In order to learn incomplete ratings, we formulate the following multilayer semi-NMF model (NSNMF): , where is the rating matrix, is the bias matrix, is the latent user preferences matrix and is the matrix of the non-linear item latent features. To model non-linear representation of the items, we use the following model , which finally leads to:

(3)

where is the hidden latent representation of items, is the weighting matrix between latent representations on different levels and is the element-wise non-linear function to better approximate the non-linear manifolds of the latent features.

Similar architecture to our proposed method without bias term is used in the task of learning deep representation of images [27], where the learning depends on dense multiplicative updates.

Simply, we model the interaction function as an inner product with offset , where user feature is the -th row of matrix and item non-linear representation is the -th column of . This model falls into the category of semi-NMF factorization models [4]. Semi-NMF is a variant of NMF, which imposes non-negativity constraints only on the latent factors of the second layer . This allows both positive and negative offsets from the bias term . Usually, in clustering represents cluster centroids and represents soft membership indicator [4]. But, from recommender perspective, matrix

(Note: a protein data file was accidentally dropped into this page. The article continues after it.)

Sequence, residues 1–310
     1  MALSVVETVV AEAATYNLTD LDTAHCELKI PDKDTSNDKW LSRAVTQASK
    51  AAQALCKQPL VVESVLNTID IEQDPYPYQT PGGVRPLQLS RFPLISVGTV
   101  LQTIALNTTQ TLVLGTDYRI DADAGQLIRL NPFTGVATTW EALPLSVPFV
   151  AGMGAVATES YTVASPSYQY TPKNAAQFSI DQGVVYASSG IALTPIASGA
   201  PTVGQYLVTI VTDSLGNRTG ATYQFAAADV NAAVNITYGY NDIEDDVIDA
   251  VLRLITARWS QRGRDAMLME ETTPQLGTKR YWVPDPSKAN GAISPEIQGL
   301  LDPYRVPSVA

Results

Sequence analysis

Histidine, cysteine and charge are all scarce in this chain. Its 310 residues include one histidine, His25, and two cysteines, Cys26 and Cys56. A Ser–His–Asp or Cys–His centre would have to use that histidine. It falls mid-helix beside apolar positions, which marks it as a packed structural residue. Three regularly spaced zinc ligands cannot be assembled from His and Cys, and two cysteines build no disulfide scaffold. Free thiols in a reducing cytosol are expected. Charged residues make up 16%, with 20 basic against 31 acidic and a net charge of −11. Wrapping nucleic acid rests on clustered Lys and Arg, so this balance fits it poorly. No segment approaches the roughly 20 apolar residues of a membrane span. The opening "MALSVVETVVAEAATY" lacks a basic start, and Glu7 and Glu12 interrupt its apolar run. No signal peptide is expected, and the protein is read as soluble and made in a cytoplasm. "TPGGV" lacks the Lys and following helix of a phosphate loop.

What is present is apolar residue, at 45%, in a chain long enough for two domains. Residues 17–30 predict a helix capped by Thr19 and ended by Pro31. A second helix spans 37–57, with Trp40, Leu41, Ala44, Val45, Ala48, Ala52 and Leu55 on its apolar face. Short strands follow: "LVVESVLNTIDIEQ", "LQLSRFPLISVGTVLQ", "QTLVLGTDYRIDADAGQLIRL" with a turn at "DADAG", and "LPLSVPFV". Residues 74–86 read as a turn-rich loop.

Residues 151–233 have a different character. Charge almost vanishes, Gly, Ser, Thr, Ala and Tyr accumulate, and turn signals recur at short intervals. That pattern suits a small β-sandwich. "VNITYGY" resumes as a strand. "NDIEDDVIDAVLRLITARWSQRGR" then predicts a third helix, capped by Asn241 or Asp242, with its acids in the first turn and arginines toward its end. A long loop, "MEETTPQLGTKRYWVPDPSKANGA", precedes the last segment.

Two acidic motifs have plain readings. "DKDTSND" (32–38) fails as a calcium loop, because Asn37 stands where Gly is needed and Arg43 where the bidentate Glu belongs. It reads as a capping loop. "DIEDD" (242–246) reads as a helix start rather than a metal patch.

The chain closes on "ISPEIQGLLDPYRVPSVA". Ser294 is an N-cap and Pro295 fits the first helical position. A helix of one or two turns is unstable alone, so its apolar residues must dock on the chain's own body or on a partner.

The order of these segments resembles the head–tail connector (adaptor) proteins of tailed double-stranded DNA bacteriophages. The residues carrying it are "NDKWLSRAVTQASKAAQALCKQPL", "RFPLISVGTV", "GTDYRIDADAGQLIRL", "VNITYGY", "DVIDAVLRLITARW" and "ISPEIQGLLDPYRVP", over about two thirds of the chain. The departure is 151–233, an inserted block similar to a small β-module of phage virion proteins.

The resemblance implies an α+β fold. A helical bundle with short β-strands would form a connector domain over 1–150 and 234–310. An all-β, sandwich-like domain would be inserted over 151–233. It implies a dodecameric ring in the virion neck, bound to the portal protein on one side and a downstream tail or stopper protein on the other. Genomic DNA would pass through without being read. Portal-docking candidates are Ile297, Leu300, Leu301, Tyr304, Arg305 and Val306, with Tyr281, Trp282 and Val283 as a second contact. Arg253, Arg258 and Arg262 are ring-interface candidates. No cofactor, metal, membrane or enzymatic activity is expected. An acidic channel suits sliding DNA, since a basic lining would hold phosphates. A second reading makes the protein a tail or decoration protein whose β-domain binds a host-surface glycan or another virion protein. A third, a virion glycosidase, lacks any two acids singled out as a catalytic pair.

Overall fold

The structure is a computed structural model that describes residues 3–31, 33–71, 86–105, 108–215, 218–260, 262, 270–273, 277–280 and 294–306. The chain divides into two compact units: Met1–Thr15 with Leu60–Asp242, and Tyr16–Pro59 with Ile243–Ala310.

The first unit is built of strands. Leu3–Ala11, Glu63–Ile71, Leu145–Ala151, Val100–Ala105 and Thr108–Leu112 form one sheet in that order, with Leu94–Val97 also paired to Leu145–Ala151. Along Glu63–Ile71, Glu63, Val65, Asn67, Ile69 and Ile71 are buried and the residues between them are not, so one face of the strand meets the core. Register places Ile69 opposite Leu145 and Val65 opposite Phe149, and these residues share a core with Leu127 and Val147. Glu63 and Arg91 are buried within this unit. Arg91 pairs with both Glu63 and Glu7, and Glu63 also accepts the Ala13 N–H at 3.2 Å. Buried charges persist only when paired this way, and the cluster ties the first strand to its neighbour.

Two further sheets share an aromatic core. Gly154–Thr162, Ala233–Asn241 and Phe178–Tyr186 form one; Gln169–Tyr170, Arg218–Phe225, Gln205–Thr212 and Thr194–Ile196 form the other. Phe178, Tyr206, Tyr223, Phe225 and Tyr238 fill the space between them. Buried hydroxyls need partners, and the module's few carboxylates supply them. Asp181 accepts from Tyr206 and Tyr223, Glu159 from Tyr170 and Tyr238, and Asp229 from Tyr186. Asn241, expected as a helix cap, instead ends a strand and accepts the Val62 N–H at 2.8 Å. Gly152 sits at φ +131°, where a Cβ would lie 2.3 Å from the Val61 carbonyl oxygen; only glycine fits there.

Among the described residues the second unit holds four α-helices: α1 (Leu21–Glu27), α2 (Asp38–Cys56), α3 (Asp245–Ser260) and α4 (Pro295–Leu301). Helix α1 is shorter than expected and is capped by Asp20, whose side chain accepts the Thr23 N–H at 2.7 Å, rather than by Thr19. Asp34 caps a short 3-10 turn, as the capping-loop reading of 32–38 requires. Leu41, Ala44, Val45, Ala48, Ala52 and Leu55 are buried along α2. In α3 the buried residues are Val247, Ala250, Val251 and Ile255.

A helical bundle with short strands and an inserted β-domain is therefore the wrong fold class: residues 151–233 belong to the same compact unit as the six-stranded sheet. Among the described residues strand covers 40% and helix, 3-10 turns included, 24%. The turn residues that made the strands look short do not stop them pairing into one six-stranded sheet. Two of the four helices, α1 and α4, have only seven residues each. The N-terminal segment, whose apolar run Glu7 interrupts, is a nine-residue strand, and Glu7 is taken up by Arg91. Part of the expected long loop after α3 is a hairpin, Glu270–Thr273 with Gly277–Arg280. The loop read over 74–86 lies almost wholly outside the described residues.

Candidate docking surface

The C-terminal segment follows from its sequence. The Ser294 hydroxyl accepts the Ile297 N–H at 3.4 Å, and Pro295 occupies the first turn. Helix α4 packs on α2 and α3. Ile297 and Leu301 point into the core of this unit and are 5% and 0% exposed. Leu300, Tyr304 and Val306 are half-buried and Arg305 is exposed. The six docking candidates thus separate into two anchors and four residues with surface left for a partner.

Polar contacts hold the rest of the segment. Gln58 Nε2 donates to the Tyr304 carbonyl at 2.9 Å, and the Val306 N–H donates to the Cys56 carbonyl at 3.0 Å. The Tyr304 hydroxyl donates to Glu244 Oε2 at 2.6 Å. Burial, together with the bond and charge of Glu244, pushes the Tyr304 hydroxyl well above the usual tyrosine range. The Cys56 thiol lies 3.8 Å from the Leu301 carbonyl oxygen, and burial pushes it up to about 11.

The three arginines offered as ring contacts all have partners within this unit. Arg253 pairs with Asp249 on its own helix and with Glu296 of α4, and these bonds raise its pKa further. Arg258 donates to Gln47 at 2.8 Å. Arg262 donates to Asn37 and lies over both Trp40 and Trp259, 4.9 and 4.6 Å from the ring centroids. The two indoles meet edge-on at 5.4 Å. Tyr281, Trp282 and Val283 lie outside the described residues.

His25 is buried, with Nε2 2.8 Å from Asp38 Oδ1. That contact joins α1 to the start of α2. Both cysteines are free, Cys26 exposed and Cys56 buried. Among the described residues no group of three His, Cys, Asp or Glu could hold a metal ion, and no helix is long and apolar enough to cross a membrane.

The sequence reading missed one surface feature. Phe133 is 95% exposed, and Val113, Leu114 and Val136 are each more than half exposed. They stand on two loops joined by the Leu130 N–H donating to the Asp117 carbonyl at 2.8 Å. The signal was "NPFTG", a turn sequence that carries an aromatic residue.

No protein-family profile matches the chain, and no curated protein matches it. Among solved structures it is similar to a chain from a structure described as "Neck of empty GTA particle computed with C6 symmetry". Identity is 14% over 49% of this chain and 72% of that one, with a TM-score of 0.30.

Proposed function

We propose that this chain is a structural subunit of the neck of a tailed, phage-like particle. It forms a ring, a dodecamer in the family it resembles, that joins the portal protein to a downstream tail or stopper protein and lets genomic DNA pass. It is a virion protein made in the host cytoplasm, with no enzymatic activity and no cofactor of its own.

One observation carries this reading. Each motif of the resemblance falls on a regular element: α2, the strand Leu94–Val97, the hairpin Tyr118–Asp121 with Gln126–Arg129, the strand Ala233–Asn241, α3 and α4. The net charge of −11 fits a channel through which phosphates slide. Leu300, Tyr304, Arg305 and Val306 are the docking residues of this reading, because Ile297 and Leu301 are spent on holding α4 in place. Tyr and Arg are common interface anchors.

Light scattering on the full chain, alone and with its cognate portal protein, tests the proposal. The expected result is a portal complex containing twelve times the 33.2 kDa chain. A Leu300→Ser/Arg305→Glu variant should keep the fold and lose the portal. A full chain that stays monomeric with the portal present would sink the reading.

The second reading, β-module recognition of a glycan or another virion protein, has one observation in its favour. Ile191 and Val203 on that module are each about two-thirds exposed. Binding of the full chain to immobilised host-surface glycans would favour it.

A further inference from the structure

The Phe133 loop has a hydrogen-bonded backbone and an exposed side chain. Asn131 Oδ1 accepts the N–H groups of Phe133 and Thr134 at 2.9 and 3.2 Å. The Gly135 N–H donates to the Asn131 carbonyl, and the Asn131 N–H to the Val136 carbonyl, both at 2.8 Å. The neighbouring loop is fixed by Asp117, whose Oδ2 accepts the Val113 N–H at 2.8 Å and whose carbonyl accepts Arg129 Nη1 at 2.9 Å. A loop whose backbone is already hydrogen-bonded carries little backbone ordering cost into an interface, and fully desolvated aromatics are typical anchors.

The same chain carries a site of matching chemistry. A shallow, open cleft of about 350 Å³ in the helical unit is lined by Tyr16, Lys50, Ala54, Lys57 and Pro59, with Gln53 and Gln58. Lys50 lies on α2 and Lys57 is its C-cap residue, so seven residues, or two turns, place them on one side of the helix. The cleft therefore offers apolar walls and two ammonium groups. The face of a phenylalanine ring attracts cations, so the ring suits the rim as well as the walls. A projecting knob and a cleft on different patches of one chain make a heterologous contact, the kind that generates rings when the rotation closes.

may be interpreted as the linear regression coefficients and the nonnegativity constraints imposed on latent item attributes

allow part-based representations [20, 21].

Note, that much of the observed variation in rating values is due to the effects associated with either users or items, known as biases or intercepts, independent of any interactions. Thus, instead of explaining the full rating value by an interaction of the form , the system can try to identify the portion of these values that individual user or item biases cannot explain. Bias involved in a rating can be computed as follows: , where is the overall average rating, is the observed deviations of user u and is the observed deviations of item i.